Dulcy Mahar leaves a lot of love behind
- Barbara Ashmun
- Portland Tribune - Features
I will remember Dulcy Mahar for the love she leaves behind.
She loved her garden with all its imperfections and challenges. Whenever Dulcy wrote about a plant that died, I commiserated and also sighed with relief - that's the way it is to garden, to suffer losses, then pick yourself up and start over. Dulcy would plant a new treasure, and we'd all cheer - that's what gardening is all about.
Dulcy's love for her husband Ted permeated her columns, even though he didn't garden. How many of with non-gardening spouses were comforted to hear that? She loved writing about Doug the Wonder Guy, the assistant gardener we all coveted. A friend once admitted she hoped to clone him.
Dulcy's insatiable lust for new plants, her frequent nursery expeditions without the ridiculous restraint of a shopping list, and inability to resist whatever enticed her, endeared her to me most of all.
If it was beautiful, she bought it, took it home, then figured out where to put it. She was a woman after my own heart.
Over the garden fence
Even through years of battling cancer, Dulcy worked full time and kept writing the column. On one garden visit we sat on her porch and talked about the importance of work. 'I'm not considered an invalid there,' she said.
She told me she wrote on Sunday nights, modestly describing herself as 'a good carpenter' who turned out well-crafted features. That was Dulcy to the core, always minimizing her talents. She had a remarkable gift for telling her stories as if she were talking straight to us, with what writers call 'voice.' But believe me, artful writing is nothing like speaking. Dulcy wrote so skillfully, it just sounded like she was chatting with us over the garden fence.
Even into her final spring, Dulcy generously opened her garden to visitors. Throughout the years, her ever-changing garden was a destination for many tours. She was always herself, even when she welcomed British celebrities like Christopher Lloyd and Rosemary Verey.
I imagine they felt right at home, just like the rest of us, amid familiar plants tended with so much love. I also bet they envied her freedom to have flamingos, gnomes and a Pouting Shed in the garden.
On my last visit to Dulcy's garden, my camera battery died, leaving me free to sit on the blue bench facing the pond and just look. I breathed in the serene beauty, calmed by the rush of water. A gray cat lept across the path and landed in my lap. Ecstasy.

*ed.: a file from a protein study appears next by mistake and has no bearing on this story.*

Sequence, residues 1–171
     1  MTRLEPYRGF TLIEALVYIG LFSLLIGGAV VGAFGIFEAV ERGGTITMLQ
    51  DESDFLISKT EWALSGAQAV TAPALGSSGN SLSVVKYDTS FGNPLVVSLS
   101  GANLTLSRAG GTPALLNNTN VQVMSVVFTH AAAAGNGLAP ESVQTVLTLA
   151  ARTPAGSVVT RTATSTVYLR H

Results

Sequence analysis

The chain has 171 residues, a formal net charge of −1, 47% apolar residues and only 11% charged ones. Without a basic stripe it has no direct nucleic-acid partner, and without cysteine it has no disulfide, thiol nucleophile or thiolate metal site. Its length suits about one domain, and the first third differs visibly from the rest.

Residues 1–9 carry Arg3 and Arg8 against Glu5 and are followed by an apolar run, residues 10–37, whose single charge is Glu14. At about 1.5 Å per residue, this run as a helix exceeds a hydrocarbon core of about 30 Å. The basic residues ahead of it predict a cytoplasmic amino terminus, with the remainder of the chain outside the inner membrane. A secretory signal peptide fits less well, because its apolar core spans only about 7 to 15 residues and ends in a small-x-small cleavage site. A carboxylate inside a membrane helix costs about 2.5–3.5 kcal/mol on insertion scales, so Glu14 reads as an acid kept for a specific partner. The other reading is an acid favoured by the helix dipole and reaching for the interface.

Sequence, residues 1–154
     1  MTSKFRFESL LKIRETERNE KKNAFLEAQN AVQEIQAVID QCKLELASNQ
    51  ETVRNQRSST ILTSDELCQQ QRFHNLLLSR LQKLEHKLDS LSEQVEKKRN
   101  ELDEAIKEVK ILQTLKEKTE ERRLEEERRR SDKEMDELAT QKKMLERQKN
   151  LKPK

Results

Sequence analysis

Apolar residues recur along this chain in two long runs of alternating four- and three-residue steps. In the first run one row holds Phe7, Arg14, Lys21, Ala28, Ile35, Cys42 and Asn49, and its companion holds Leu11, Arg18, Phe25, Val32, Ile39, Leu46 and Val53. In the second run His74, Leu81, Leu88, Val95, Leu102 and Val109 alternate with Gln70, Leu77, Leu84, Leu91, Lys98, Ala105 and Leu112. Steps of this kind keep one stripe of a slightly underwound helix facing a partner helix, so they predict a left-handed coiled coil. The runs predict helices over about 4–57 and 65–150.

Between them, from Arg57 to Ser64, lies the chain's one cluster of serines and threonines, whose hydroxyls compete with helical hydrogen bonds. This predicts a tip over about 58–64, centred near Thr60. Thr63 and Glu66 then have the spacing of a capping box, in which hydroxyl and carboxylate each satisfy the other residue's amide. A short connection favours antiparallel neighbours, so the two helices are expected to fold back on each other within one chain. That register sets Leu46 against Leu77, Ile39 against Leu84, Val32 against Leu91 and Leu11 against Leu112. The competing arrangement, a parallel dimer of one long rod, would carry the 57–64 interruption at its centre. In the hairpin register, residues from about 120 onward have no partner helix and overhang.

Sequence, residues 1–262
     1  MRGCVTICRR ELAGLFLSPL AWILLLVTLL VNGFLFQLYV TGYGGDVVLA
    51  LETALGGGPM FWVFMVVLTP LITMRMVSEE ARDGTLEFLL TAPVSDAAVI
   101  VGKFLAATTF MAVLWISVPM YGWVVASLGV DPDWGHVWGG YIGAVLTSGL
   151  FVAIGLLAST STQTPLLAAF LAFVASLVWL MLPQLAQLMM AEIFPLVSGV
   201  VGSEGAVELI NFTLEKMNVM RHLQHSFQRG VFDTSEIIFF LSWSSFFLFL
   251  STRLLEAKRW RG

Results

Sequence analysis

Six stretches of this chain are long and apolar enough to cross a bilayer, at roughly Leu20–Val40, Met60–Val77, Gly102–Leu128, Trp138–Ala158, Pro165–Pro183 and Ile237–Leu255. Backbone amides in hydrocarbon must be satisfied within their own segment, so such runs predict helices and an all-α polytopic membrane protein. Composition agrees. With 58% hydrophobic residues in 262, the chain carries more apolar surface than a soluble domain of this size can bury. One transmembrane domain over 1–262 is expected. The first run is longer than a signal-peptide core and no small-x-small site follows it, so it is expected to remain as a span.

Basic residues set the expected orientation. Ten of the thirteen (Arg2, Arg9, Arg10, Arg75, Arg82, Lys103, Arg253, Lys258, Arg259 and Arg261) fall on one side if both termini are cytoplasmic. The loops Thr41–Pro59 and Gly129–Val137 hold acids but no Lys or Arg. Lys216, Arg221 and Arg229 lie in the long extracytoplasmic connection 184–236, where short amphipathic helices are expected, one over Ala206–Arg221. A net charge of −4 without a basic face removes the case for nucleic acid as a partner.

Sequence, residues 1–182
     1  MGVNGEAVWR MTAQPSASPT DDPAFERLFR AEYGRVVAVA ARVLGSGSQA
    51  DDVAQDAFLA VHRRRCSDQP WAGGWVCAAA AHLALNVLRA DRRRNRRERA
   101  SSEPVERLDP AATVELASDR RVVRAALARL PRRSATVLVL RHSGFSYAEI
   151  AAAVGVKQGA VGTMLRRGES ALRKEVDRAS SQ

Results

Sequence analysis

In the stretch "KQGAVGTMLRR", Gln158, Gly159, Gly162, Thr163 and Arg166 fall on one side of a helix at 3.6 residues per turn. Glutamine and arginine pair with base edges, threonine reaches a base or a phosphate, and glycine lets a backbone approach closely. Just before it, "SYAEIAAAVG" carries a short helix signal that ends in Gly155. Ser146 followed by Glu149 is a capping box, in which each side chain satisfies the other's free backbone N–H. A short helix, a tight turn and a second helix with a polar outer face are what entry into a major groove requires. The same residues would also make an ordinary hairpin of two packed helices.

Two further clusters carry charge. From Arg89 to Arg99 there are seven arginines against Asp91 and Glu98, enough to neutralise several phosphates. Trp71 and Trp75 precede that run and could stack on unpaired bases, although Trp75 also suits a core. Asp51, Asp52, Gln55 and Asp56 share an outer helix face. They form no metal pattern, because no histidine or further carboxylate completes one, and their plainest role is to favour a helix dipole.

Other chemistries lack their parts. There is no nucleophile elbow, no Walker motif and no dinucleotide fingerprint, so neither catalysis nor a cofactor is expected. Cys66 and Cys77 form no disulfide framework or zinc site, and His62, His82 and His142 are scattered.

Dulcy could never say no, even when asked to pose for Soul of the Soil, a celebrity nudie calendar benefiting a children's garden. But unlike the rest of us who were persuaded to take off our clothes, Dulcy was clever enough to keep her nightie on, and held a favorite cat in her lap.
But my favorite photo of Dulcy was one that accompanied a column, taken on an infernally hot August day when plants and gardeners pass out. Lying prone on her stomach with her arms stretched out, she was the epitome of late summer exhaustion.
Dulcy and I sat on two panels for the Yard, Garden and Patio Show, one in 2010 on Bloopers I've Made in My Garden, and another in 2011 on Our Favorite Plants. Both times the room was packed, with people leaning against the walls and sitting on the floor. No one wanted to miss a word of Dulcy's true confessions - she stole the show both times.
About bloopers, Dulcy confessed her first flower borders 'looked like two graves. Nobody told me about adding compost, and the plants did not prosper.'
Later she learned about Kosher's compost. 'It wasn't blessed by rabbis - the gentleman's name is Kosher,' she added.
Next, she noticed an entire bed of perennials was too flat. On a trip to England, she observed borders with trees and shrubs; she went home and added them into her borders.
'Now there's too much foliage and I need more perennials,' she said. It's always something.
'I can't help myself'
Dulcy's final words of advice were 'Don't overly follow the rules.' She promised to continue being 'over-the-top.' Even after deciding to give up growing roses, she ordered more, although only very disease resistant varieties.
'I can't help myself,' she admitted.
That in a nutshell may be what we will remember and love Dulcy most for-her insatiable love of life, her lust for plants, not to mention cats, dogs, flamingos and gnomes.
Our best tribute to Dulcy is to follow in her footsteps, gardening with passion, gardening with love.